In the cool of early morning on July 22nd Emmy and I walked through the historic centre of Tuy on the Spanish side of the Miño River. The alleys were deserted. Our voices and footfalls bounced back at us off high stone walls. The fortress-like cathedral stood hard and square against the pale blue of the dawn sky. A ginger cat slinking low across the flagstones froze mid-step to stare.
We picked up the Camino and followed it down a narrow staircase through a roofed passage known as the “Nuns Tunnel” into a small maze of lanes that twisted among the town’s oldest residences. After half an hour we emerged into woodland and followed a sandy path that unrolled upwards into low hills. The walking was easy.
Ahead of us we saw a wiry figure with a big camera bumping against his chest. He was wearing a kind of cap with an enormous crescent-shaped visor shadowing his face, but with no crown to cover an explosion of black hair on the top of his head. He kept stopping to cup the long lens of his camera in his hand and aim it left and right snapping pictures. This was Mr Chang, a Korean. He told us that he had been on the Camino for 41 days. Several years earlier he had walked the Via Frances with his wife, but this time she had refused to come with him (wise lady). Alone, and speaking no Spanish at all (“just Hola”), he had walked the long ribbon of the Via de la Plata, the branch of the Camino that starts in Seville in the far south and winds north to Santiago de Compostela through the arid and often hot Mozarabe and Merida regions of central Spain. When he reached Santiago he had walked through the city and on to Finisterre, 90 kilometres away on the Atlantic coast. Then he had doubled back to start yet another walk, this time with Tuy as his beginning point.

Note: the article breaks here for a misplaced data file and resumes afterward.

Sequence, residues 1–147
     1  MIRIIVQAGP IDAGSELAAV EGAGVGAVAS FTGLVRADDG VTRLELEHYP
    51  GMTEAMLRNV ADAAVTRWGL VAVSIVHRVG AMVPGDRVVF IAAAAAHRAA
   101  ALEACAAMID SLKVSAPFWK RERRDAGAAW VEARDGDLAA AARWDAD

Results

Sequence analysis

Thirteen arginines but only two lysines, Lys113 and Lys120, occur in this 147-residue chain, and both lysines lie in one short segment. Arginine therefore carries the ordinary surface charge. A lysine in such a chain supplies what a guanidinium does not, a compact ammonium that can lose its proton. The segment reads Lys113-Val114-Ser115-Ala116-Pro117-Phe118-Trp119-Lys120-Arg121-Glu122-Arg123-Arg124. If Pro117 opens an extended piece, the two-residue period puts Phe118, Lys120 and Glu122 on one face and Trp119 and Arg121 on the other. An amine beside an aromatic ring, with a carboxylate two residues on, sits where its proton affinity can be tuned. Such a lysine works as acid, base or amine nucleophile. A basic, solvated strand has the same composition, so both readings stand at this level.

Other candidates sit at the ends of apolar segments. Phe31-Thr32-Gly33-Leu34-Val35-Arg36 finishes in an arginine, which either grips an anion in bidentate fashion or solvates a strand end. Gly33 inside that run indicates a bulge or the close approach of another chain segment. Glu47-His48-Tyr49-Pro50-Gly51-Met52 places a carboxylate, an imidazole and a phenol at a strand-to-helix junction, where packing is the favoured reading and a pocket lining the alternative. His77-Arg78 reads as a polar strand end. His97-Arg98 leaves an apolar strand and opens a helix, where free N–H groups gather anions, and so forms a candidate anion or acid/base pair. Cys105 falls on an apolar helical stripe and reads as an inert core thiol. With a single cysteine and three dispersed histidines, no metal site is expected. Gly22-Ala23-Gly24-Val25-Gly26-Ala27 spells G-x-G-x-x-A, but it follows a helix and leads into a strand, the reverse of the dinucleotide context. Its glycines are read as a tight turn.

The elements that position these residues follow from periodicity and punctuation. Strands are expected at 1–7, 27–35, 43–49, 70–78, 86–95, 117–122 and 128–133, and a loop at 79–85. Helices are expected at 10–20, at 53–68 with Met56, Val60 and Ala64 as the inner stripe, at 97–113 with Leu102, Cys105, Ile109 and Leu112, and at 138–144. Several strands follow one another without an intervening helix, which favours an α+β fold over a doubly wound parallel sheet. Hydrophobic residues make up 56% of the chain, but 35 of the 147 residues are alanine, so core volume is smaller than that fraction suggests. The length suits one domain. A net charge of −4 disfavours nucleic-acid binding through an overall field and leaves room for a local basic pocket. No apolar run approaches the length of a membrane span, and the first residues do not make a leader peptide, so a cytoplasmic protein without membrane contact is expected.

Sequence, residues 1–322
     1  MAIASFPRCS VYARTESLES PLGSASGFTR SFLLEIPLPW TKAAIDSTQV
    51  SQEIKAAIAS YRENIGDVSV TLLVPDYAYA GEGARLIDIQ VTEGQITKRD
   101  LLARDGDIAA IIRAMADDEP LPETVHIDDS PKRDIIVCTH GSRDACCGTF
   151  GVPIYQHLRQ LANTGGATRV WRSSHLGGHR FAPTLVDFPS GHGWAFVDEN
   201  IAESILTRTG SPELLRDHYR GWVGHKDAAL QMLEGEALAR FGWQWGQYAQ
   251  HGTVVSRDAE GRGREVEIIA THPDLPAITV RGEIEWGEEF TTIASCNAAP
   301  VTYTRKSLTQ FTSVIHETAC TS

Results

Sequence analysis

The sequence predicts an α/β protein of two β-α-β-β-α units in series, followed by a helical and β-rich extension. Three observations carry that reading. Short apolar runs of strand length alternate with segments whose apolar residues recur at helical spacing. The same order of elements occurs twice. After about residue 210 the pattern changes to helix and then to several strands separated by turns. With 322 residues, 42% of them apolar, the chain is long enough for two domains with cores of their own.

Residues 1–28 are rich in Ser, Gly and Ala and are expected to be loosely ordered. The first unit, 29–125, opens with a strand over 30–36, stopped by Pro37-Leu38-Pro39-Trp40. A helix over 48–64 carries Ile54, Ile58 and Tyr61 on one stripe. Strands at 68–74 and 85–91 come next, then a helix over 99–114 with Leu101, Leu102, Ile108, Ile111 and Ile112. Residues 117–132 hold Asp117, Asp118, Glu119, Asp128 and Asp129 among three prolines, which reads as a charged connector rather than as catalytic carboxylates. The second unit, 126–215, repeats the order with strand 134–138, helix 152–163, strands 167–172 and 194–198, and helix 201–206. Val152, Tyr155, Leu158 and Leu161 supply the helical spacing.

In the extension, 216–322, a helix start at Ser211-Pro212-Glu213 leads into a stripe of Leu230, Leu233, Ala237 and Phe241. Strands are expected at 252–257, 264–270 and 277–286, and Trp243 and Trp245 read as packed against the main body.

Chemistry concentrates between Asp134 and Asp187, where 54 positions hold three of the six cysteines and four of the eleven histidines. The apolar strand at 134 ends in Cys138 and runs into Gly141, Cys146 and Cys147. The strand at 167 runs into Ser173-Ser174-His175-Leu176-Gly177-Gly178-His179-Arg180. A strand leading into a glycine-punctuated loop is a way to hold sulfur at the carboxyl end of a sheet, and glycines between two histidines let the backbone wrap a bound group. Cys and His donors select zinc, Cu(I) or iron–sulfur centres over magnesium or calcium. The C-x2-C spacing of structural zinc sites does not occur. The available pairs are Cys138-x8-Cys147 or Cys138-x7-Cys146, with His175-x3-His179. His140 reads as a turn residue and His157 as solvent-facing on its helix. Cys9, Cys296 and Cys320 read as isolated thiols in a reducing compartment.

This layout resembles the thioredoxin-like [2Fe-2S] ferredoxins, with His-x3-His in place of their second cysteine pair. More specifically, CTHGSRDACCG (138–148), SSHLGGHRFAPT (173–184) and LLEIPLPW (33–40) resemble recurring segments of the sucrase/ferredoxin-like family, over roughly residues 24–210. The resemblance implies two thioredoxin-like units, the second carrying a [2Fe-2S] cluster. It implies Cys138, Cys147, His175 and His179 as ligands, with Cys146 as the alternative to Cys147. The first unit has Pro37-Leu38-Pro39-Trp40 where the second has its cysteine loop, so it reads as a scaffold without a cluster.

“I am making a DVD for Korean pilgrims,” he explained. “Can I interview you?”
“Well, why are you walking the Camino?”
In a lonely spot amid pine trees, as I crouched drinking deeply from my water bottle, a gentleman from Korea had suddenly asked me a question that I had not yet asked myself, at least not seriously. It was a surreal moment.
“I’m doing it as a personal challenge.”
Mr Chang was delighted. This was the perfect answer for the purchasers of his DVD. But I was left musing. I’m not much given to hard physical challenges – especially of the sporting kind – and I am not a big fan of “adventure” tourism. After falling over and injuring myself in Barcelos I’m no longer convinced that long-distance walking is necessarily good for the health of old people. Nor was I walking the path as a religious exercise (readers of this blog will know I am trying to be a hard-line atheist). But I was curious about the motivations of other pilgrims, and I did enjoy the exotic ambience of Portugal and Spain.
I hadn’t finished browsing these thoughts when the Camino took a sudden dip and tipped us into the industrial suburbs of Porriño. For around six kilometres we had grit in our eyes and on our teeth as we plodded past a car assembly plant, a seafood cannery, a cardboard packaging factory, an industrial chemicals refinery, a rank-smelling recycling plant, a vast yard stacked with pre-fabricated building materials, and much more. Smears of signage flashed by on the sides of trucks, smoke rolled across the road, the howl of compression braking preceded long fog-horn blasts.